By Tom Gardner and Morgan Housel
"For reasons I have never understood, people like to hear that the world is going to hell," historian Deirdre N. McCloskey told the New York Times this week.
It's hard to argue. 
Despite the record of things getting better for most people most of the time, pessimism isn't just more common than optimism, it also sounds smarter. The pessimist is intellectually captivating, garnering far more attention than the optimist, who is often viewed as a naive sucker.
It's always been this way. John Stuart Mill wrote 150 years ago: "I have observed that not the man who hopes when others despair, but the man who despairs when others hope, is admired by a large class of persons as a sage." Matt Ridley wrote in his book The Rational Optimist:
If you say the world has been getting better you may get away with being called na├»ve and insensitive. If you say the world is going to go on getting better, you are considered embarrassingly mad. If, on the other hand, you say catastrophe is imminent, you may expect a McArthur genius award or even the Nobel Peace Prize.
In investing, a bull sounds like a reckless cheerleader, while a bear sounds like a sharp mind who has dug past the headlines – despite the record of the S&P 500 rising 18,000-fold over the last century. Yes, 18,000 times over! Wharton Professor Jeremy Siegel is often chided as a perma-stock-bull, blindly cheering for a higher market every time he goes on TV. But he's done it since the early 1980s, a period in which the market increased in value 40 times over. 
And so, we delight in movies like The Big Short and carp about the collapse of Enron. And that’s great. They're extremely instructive. But we make a mistake by over-emphasizing them. . . rather than obsessing over medical breakthroughs, the enduring success of companies like Starbucks or Amazon.com, the exciting prospects for self-driving cars, et cetera.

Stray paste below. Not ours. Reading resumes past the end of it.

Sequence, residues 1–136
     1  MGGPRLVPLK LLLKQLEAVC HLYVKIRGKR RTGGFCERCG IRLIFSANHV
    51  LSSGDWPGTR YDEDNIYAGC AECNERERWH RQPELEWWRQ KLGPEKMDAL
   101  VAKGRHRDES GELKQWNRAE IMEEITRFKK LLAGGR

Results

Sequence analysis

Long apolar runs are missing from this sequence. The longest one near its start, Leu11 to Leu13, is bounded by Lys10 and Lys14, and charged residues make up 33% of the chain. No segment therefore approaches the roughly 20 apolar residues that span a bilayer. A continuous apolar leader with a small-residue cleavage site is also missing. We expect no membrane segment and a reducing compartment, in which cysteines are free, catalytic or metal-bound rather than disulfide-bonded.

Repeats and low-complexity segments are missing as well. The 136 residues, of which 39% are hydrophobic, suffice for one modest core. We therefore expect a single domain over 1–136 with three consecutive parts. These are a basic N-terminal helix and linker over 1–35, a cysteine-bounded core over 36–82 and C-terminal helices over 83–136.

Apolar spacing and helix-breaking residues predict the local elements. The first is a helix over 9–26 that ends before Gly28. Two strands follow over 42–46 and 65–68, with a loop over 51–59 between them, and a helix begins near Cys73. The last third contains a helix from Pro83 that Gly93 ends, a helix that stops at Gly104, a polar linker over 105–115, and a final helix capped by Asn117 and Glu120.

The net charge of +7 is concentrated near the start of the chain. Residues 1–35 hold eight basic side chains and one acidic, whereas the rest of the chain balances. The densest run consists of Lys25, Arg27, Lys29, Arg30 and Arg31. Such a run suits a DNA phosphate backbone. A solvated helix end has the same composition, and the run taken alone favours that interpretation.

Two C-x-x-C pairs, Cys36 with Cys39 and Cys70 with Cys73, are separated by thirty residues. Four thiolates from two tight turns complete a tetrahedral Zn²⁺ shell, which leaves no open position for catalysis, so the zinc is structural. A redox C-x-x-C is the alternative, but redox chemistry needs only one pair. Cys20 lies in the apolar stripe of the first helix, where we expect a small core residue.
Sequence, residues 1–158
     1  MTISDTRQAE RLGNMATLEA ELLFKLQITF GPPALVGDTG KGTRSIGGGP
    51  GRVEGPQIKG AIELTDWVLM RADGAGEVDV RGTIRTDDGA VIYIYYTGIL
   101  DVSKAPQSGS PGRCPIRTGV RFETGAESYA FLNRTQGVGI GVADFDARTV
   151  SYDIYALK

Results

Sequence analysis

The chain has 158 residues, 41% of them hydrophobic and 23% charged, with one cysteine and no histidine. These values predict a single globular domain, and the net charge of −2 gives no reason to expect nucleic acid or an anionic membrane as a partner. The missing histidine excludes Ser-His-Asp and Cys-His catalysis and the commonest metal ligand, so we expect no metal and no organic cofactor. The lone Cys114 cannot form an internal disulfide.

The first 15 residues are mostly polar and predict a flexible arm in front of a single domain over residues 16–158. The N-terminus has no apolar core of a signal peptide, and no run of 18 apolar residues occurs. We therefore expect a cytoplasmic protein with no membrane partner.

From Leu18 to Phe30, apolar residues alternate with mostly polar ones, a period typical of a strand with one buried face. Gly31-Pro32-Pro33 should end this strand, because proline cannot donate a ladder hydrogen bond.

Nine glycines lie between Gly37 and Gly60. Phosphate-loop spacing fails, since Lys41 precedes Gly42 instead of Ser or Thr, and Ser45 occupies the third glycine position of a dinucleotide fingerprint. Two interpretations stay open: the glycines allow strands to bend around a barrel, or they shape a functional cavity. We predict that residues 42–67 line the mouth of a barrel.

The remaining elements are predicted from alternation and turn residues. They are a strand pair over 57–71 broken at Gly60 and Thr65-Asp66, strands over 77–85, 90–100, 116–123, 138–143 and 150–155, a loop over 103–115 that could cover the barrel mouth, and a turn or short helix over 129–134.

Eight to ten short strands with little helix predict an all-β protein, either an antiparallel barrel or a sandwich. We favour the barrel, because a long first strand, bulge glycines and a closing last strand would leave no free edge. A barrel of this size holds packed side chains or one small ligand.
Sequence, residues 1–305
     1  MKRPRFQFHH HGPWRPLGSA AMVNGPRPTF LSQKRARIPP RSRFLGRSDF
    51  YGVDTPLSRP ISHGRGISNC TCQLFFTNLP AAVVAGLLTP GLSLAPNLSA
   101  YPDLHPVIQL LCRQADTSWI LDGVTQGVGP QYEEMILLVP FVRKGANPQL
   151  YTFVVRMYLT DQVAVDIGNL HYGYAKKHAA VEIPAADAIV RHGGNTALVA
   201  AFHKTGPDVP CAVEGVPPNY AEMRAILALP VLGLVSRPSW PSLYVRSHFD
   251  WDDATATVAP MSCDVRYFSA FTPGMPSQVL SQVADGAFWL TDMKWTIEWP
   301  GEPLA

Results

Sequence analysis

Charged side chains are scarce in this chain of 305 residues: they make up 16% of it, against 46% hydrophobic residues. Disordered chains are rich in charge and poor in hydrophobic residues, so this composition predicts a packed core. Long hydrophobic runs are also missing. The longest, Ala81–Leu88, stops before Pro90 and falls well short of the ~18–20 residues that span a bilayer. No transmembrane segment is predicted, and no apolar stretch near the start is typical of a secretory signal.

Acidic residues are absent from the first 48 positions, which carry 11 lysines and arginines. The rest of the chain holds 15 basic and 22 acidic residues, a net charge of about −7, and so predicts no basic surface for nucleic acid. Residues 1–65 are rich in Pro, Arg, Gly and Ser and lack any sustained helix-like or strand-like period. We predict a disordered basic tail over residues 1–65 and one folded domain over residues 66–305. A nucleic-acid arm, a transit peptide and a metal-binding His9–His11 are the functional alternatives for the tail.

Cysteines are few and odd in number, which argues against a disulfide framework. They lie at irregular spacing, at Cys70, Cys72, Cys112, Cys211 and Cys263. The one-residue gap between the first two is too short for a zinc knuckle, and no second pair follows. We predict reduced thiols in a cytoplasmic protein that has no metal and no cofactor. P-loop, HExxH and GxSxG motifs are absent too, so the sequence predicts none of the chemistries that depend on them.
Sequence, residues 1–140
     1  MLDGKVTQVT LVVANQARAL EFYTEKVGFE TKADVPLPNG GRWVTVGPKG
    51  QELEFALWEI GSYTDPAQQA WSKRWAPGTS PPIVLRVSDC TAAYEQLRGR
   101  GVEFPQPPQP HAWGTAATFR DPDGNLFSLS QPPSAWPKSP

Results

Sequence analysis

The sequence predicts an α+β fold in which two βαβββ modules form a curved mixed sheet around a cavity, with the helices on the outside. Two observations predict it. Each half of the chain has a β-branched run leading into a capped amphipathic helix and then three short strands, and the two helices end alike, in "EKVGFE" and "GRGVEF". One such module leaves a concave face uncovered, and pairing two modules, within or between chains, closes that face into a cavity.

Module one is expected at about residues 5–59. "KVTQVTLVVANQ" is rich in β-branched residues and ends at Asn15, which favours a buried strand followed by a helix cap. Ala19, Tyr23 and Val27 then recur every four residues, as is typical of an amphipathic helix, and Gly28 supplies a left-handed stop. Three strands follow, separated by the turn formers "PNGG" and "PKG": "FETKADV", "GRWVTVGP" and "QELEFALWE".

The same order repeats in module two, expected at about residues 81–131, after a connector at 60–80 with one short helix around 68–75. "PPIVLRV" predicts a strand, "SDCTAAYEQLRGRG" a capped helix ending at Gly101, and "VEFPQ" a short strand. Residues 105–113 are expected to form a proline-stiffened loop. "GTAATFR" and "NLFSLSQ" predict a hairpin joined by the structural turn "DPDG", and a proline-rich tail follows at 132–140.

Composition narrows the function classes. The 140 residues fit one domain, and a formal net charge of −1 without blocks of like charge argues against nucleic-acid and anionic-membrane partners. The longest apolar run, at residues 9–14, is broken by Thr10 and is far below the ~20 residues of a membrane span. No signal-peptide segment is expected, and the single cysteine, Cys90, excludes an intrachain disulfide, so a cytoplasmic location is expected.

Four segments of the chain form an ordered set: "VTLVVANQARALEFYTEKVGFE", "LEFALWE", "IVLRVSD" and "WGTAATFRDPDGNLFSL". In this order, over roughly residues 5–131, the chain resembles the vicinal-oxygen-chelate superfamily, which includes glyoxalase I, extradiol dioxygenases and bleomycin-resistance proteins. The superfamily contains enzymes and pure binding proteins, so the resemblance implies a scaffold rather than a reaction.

This problem goes beyond investing. 
Harvard professor Teresa Amabile shows that those publishing negative book reviews are seen as smarter and more competent than those giving positive reviews of the same book. "Only pessimism sounds profound. Optimism sounds superficial," she wrote.
Why?
There's clearly more at stake with pessimism. Daniel Kahneman won the Nobel Prize for showing that people respond more strongly to loss than gain. It's an evolutionary shield: "Organisms that treat threats as more urgent than opportunities have a better chance to survive and reproduce," Kahneman once wrote.
Here are two other reasons that pessimism gets so much attention.
1. Optimism appears oblivious to risks, so by default pessimism looks more intelligent. But that's a wrong way to view optimists. Most optimists will tell you things will get ugly, that we will have recessions, bear markets, wars, panics, and pandemics. But they remain optimistic because they know that, like the universe, healthy markets grow. To the pessimist a bad event is the end of the story. To the optimist it's a slow chapter in an otherwise excellent book. 
2. Pessimism requires action, whereas optimism means staying the course. Pessimism is "SELL, GET OUT, RUN," which grabs your attention because it's an action you need to take right now. Optimism is mostly, "Don't worry, stay the course, we'll be alright," which is easy to ignore since it doesn't require doing anything. Remember, it is enduring optimism that has earned a return of 18,000X over the last century. The opposite approach has failed, terribly.
Should you ever listen to pessimists? Of course. They're the best indication of what's unsustainable, and thus the catalyst for what must change. They lay down the breadcrumbs on pathways for entrepreneurs to run their innovative minds (think, Elon Musk and Tesla).
For long-term investors, though, an optimistic view that humanity will profitably solve the world’s greatest problems is the right frame of mind.
Source: Tom Gardner CEO and Co-Founder at The Motley Fool
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